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Car insurance quotes after a claim in which you are at fault

According to the Book of Common Prayer we often leave undone the things we ought to have done. It's a fact of life. In many ways, we are our own worst enemies. Yet, for most everyday purposes, there are no penalties. We do the things we left undone when we have the time. We might never actually catch up with the backlog, but we keep moving forward. Except there are times when the failure produces instant consequences and, no matter how hard we try, it's impossible to go back and put it right. Let's be clear about this. The majority of traffic accidents could be avoided if everyone followed the rules of the road and kept a proper lookout. But we are easily distracted, multitasking when we should focus on the driving. This leaves the insurance companies with a bill and a problem.

 
   

In a no-fault state, it does not matter whether the insured driver or the others involved were negligent. The insurance company pays out regardless. But this only applies in twelve states. The remainder rely on the law of tort which order the party at fault to pay compensation to the other. So, if you were not at fault, your insurance company collects the compensation from the other driver and, in theory, suffers no loss. But if the other driver was not insured or underinsured, or you were at fault, your insurer now faces a loss. If this was just down to the math, the insurer would calculate a "fair" premium rate increase and slowly recover the loss. But if the insurer put up the rate every time one of its drivers was at fault, many of those drivers would move to a competing company. So the math has to bend to match social considerations. Sometimes, the insurers have to accept the loss.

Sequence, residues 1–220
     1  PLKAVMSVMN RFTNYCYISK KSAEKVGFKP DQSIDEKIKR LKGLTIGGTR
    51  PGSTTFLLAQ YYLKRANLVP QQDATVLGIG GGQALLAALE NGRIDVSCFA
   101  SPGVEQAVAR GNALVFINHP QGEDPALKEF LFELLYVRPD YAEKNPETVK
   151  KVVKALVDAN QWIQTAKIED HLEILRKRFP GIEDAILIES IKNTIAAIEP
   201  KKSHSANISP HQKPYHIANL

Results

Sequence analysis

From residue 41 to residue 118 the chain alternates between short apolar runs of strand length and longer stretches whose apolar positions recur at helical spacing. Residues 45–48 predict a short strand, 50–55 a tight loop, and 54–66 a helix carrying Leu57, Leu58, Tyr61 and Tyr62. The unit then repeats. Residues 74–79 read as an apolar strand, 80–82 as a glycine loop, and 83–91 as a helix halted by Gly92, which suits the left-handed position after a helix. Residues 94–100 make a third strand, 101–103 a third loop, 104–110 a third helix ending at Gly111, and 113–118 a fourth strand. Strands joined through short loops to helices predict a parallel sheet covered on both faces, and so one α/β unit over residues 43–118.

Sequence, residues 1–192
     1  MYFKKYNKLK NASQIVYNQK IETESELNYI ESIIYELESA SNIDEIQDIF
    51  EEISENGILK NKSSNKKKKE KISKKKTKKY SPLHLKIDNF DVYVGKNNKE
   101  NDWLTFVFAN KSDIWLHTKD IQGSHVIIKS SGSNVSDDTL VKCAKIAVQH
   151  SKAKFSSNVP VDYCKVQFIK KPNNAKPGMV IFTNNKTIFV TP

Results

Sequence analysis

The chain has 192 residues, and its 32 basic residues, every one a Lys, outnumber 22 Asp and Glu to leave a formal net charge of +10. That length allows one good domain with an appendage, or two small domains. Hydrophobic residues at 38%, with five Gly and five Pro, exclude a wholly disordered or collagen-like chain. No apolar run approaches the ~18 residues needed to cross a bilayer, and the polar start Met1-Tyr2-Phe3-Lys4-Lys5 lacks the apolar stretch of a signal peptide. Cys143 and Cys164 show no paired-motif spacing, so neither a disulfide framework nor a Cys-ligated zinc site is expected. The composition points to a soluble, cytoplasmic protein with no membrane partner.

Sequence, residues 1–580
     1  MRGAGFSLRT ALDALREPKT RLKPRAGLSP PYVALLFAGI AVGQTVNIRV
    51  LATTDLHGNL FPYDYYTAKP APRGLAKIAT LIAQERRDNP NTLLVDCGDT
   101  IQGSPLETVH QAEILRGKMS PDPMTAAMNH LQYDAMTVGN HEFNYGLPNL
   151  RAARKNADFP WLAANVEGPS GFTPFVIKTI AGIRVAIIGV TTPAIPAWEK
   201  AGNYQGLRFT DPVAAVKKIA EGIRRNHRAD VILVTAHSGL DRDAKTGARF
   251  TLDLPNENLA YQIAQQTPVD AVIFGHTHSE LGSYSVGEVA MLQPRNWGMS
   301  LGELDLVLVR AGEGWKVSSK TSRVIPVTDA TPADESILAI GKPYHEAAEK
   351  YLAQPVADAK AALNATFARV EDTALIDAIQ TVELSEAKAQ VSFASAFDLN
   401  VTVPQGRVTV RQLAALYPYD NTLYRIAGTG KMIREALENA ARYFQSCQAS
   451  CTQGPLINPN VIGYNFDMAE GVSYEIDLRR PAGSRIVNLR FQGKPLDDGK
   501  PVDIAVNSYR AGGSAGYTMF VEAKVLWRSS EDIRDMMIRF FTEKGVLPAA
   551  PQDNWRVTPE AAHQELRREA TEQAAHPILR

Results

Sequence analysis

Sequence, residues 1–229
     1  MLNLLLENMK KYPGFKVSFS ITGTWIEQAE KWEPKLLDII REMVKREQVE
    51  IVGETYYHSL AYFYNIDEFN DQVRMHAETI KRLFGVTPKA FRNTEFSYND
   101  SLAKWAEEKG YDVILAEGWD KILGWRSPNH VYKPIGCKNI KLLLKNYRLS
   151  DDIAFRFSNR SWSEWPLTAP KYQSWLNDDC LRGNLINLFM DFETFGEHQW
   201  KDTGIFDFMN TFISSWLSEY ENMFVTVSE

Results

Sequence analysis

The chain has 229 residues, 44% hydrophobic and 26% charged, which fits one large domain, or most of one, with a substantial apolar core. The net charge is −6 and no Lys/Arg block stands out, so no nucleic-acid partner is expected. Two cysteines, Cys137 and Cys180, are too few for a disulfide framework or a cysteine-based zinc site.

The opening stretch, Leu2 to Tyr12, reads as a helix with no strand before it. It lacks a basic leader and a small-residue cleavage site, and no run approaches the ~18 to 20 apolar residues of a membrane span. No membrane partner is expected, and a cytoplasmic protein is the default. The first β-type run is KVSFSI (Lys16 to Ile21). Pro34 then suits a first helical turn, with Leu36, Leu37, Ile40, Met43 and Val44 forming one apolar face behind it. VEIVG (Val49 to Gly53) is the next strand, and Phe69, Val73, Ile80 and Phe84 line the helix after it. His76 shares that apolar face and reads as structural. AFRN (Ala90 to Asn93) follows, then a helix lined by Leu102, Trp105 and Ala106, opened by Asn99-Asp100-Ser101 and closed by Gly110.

In this, we need to distinguish really serious errors of judgement from more everyday inattention. A driver who has an accident because of excess alcohol or drugs will be classified as high risk and the rates will automatically rise. Few people will argue against this. But suppose you open your car door and another vehicle crashes into it. We start with the general rule you should always look before opening your door. Even if you are not on the road, there's still a risk you might hit someone walking past. So if a vehicle hits the door as you are opening it, that looks like your fault. But if the door has been open for a reasonable period of time, other drivers should see the problem and take evasive action. This is always a 50/50 decision for the insurer, but if you hit the other family car as you are leaving your driveway, this is always going to cause more problems. The first factor is that you cannot claim on the liability policy. This only cover liabilities to third parties. Your only hope lies in having collision cover on both vehicles. This form of car insurance pays out for the repair of your own vehicle if damaged in a collision. If it's the same insurer, try negotiating for only one deductible payment, but don't hold out much hope on the premium rate. The next car insurance quote is likely to be higher.

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